Spine surgery, is it possible in old age?

Spinal problems are frequent in people over 65 years of age. The pain can be localized only at the lumbar level or radiate to the legs as sciatica, preventing the patient from walking.

From the age of 65 onwards, aging significantly affects the spine. There are two very common lesions: osteoporotic vertebral fractures and spinal canal stenosis. In the case of women, the spine ages worse than in men. This is mainly due to osteoporosis, which means that the bone of women’s vertebrae is more fragile and breaks more easily, after exertion or even when coughing or sneezing hard.

There are certain vertebral fractures that may not cause symptoms and can be detected in a routine X-ray, although in most cases there is a sudden and intense pain in the dorsal or lumbar spine that sometimes prevents the patient from standing.

In spinal canal stenosis, the main symptom is neurogenic claudication, i.e., the patient starts walking and at a given moment has to stop because the legs do not respond or hurt, and may or may not have associated lumbar pain. When deciding on the treatment for these pathologies there are different options.

In vertebral fractures due to osteoporosis, it is usual to start with rest, analgesics and the use of a corset. In those cases in which after six weeks of conservative treatment the pain does not improve, a minimally invasive surgery can be performed under local anesthesia called vertebroplasty or kyphoplasty. This technique consists of percutaneously injecting a special acrylic cement for the bone into the vertebra.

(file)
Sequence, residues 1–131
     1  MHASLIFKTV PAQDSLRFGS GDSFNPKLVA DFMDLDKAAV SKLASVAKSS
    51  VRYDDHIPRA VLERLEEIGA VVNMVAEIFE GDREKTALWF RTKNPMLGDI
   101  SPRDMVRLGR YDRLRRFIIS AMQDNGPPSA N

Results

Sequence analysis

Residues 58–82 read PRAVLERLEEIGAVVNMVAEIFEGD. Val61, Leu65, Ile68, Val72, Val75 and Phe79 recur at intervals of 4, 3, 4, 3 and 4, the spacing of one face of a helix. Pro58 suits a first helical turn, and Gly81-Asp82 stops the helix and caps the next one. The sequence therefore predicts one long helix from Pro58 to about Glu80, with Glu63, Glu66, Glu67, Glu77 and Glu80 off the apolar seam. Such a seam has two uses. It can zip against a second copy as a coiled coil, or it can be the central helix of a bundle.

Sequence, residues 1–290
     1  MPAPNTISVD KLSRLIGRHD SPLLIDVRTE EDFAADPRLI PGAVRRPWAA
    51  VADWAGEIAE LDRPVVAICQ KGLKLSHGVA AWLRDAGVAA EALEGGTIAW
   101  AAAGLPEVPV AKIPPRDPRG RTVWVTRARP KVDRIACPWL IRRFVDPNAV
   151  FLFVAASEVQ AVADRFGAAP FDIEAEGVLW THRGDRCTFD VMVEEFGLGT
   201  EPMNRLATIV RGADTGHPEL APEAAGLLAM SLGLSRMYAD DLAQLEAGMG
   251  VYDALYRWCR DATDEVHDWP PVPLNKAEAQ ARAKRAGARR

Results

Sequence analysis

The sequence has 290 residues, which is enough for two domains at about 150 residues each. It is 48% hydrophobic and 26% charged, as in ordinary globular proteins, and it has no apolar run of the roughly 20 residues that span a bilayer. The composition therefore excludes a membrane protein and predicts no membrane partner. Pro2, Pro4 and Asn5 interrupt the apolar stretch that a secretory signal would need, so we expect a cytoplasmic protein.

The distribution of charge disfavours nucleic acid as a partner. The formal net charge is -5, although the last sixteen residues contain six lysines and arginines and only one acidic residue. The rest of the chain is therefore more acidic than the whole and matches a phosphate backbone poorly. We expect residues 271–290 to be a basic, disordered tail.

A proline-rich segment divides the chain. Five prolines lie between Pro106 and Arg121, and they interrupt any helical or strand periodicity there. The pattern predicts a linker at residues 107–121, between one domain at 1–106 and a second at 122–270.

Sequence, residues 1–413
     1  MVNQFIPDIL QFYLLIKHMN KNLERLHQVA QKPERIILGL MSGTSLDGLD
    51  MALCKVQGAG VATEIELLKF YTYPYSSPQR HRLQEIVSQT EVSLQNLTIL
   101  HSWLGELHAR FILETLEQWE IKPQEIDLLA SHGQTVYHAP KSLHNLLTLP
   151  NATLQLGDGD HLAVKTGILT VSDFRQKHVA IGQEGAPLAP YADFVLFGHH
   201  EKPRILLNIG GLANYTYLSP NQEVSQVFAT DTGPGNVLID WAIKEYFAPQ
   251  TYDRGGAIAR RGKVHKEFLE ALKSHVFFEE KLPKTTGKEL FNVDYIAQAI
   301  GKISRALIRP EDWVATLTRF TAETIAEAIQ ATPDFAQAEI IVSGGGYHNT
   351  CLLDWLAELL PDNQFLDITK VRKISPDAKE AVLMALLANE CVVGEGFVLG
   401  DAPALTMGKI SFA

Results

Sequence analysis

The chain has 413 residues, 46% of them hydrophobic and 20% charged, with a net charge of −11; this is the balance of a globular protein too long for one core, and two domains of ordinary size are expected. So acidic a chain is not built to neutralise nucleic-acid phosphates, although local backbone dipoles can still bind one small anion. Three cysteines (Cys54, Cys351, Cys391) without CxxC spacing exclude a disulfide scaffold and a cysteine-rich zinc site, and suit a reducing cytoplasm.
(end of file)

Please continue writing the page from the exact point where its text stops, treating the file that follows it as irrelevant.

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It is performed with an incision of 3 millimeters and through a trocar, whose position is controlled by intraoperative radiology, the cement is injected. The patient goes home without pain the same day of surgery.

In the case of canal stenosis, in which the patient can hardly walk because of leg pain, drug treatments or infiltrations have a temporary effect, so the most effective and long-lasting treatment is surgery.

It is a disease that does not cure itself. It can remain stable or get worse, but not better. Therefore, it is absurd to delay surgery out of fear, since the older you get, the more associated diseases you tend to have.

If you want to get better, you must have surgery or resign yourself to never walking medium or long distances again. A preparatory assessment by the anesthesiologist is essential, due to the patient’s age.

This type of surgery is performed with minimally invasive techniques, which will allow the problem to be solved with the least aggressiveness, increasing safety and reducing complications and recovery time. With good coordination between surgeons and anesthesiologists, we routinely operate on patients over 80 years of age.

In the Spine Unit of the Polyclinic HM IMI Toledo interventions are performed jointly by orthopedic surgeons and neurosurgeons providing the best of both specialties.